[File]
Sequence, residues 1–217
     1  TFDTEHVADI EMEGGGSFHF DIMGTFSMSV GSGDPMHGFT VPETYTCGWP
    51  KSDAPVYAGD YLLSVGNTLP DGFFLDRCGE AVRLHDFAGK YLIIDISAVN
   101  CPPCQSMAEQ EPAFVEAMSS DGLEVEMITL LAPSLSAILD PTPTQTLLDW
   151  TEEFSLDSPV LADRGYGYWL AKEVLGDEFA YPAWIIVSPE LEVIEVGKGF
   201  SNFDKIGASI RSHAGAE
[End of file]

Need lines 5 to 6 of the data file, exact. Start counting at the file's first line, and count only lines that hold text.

   151  TEEFSLDSPV LADRGYGYWL AKEVLGDEFA YPAWIIVSPE LEVIEVGKGF
   201  SNFDKIGASI RSHAGAE